So I now have a better sense of what a blog is and the different types of blogging that people can engage in. I understand that when used as a research tool blogging has a best practice and may need to be viewed as a different type of artefact from an academic paper; measured against different yardsticks. My evolving view is that the dictum ‘don’t shoot the messenger’ may apply here. May be I have been guilty of blaming the medium for poor practice and limited critical thinking in those who write them; an opinion, a belief, evidence, a rant, are just not the ‘same’ thing. If we want to use a blog as a way to develop ideas, co-create research, create communities of practice we need to be held accountable to the same principles of dialogue and qualitative data elicitation as if we were using any other medium in an academic setting. If we do not, then (no matters how many ‘followers’ our blogs have) we are not using blogging as a research tool.
The experience of writing this in this format has been very different from writing an article or a report. I agree with other writers that the process feels more exploratory, less formal, but most of all the idea of having an audience that is not assessing my writing in terms of the ‘values of [the] traditional academic community with its emphasis on individual possessive intelligence, individuated authorship, stability and fixity’ (Ferguson 2010 quoting Walker 2006) but who wants to read something that holds the attention for more than one second before the next click with zero comment, has helped my create a piece of writing that is very different in nature from, say, a research report.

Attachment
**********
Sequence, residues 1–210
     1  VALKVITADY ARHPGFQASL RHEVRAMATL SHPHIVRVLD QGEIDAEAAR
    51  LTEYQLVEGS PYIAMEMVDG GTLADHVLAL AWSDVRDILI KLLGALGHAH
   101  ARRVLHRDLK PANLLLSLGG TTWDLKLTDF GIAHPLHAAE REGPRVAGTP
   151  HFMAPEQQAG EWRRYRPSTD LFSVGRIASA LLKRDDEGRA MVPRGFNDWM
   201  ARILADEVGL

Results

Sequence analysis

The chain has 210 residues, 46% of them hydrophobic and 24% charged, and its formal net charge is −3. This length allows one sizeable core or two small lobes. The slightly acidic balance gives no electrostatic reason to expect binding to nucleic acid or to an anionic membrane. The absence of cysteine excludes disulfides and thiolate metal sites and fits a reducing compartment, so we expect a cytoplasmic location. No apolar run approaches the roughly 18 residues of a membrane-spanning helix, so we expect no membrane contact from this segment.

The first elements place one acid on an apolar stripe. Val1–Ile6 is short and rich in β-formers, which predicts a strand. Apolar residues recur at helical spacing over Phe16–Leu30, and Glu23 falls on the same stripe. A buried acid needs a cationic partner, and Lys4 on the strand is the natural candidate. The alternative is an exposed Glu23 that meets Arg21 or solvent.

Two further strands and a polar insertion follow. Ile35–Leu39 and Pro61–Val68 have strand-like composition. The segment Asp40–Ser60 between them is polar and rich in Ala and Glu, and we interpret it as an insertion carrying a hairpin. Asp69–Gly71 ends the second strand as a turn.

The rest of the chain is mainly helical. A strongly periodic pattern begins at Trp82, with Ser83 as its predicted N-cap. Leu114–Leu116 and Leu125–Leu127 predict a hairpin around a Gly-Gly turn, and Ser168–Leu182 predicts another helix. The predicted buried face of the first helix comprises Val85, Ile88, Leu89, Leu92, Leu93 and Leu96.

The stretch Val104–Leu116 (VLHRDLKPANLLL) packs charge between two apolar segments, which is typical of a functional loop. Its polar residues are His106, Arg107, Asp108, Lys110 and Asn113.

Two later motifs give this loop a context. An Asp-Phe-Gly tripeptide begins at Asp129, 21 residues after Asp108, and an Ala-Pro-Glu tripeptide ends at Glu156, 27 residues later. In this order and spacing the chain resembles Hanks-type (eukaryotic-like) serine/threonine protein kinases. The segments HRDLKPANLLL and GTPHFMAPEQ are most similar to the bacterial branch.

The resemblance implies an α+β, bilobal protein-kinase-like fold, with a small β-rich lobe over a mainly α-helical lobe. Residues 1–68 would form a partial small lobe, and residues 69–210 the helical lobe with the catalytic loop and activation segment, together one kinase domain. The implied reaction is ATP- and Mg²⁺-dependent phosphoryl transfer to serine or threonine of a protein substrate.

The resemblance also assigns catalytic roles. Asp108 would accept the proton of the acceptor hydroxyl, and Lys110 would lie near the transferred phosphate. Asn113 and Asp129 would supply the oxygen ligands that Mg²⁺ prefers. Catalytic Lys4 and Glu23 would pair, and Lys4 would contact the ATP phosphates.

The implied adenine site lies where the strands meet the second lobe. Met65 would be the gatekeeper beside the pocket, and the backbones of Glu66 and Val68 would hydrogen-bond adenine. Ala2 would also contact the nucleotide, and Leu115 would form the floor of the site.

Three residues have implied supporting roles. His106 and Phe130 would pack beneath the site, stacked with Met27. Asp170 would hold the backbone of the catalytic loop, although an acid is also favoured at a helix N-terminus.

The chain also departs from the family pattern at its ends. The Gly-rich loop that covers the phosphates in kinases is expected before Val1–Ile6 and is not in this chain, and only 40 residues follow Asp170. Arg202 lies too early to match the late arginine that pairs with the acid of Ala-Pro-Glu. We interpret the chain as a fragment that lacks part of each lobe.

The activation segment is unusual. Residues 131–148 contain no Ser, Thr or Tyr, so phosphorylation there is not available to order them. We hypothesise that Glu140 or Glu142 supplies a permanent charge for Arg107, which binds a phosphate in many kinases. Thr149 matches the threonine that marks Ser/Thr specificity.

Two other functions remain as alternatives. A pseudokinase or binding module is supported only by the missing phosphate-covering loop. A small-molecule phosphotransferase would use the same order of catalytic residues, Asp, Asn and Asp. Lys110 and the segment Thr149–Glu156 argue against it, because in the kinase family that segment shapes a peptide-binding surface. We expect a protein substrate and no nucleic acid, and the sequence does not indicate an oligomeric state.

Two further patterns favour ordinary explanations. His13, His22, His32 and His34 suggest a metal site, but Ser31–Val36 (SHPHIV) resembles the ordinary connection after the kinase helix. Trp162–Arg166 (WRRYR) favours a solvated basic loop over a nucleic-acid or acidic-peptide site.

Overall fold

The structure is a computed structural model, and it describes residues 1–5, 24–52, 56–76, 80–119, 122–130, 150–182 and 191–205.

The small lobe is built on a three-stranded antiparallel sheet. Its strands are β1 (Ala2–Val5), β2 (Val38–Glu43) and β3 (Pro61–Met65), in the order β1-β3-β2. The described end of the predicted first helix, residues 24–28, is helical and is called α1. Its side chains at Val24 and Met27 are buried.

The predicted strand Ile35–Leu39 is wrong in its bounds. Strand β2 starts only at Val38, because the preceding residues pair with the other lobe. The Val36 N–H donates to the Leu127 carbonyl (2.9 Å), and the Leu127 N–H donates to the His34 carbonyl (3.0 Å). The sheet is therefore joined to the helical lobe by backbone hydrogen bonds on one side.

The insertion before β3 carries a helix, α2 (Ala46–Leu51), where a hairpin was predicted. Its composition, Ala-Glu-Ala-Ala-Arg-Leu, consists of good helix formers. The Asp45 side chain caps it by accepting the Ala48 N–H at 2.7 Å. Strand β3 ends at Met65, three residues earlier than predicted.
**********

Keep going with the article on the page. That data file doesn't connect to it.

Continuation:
I cannot yet comment on its quality but perhaps that is the point.
I publish and wait for comments to co-create some ideas about best practice when using blogging for research. It feels much more exposed than the ivory tower that is the preparation and publication of an academic paper. A willingness to be vulnerable may be what takes us from Gutenberg to Zuckerberg as we learn to live with the ephemeral nature of our words online.
Borgman, Christine L. Scholarship in the Digital Age: Information, Infrastructure, and the Internet. Cambridge, MA: MIT, 2007. Print.
Bruns, Axel, and Joanne Jacobs. Uses of Blogs. New York: Peter Lang, 2006. Print.
Conole, Grainne. “Facilitating New Forms of Discourse for Learning and Teaching: Harnessing the Power of Web 2.0 Practices.” Open Learning: The Journal of Open and Distance Learning 25.2 (2010): 141-51. Print.
Ferguson, Rebbeca, Gill Clough, and Anesa Hossein. “Shifting Themes, Shifting Roles: The Development of Research Blogs.” Print. In: ’Into Something Rich and Strange’ – Making Sense of the Sea-Change. The 17th Association for Learning Technology Conference (ALT-C 2010), 7-9 September 2010, Nottingham, UK.
Kilian, Crawford (2003) Metablogging in ‘Writing for the Web’ http://crofsblogs.typepad.com/ckbetas/2003/07/metablogging.html
Kirkup, Gill. “Academic Blogging, Academic Practice and Academic Identity.” London Review of Education 8.1 (2010): 75-84. Print.
Lovink, Geert. Zero Comments: Blogging and Critical Internet Culture. New York: Routledge, 2008. Print.
Naughton, John. From Gutenberg to Zuckerberg: What You Really Need to Know about the Internet. London: Quercus, 2012. Print.
Weller, Martin. The Digital Scholar: How Technology Is Transforming Scholarly Practice. London: Bloomsbury, 2011. Print.
Weller, Martin. “Digital Scholarship.” Scoop.it. 15 Feb. 2013. http://www.scoop.it/t/digital-scholarship.
Wells, Gordon, and Guy Claxton. Learning for Life in the 21st Century: Sociocultural Perspectives on the Future of Education. Oxford, UK: Blackwell, 2002. Print.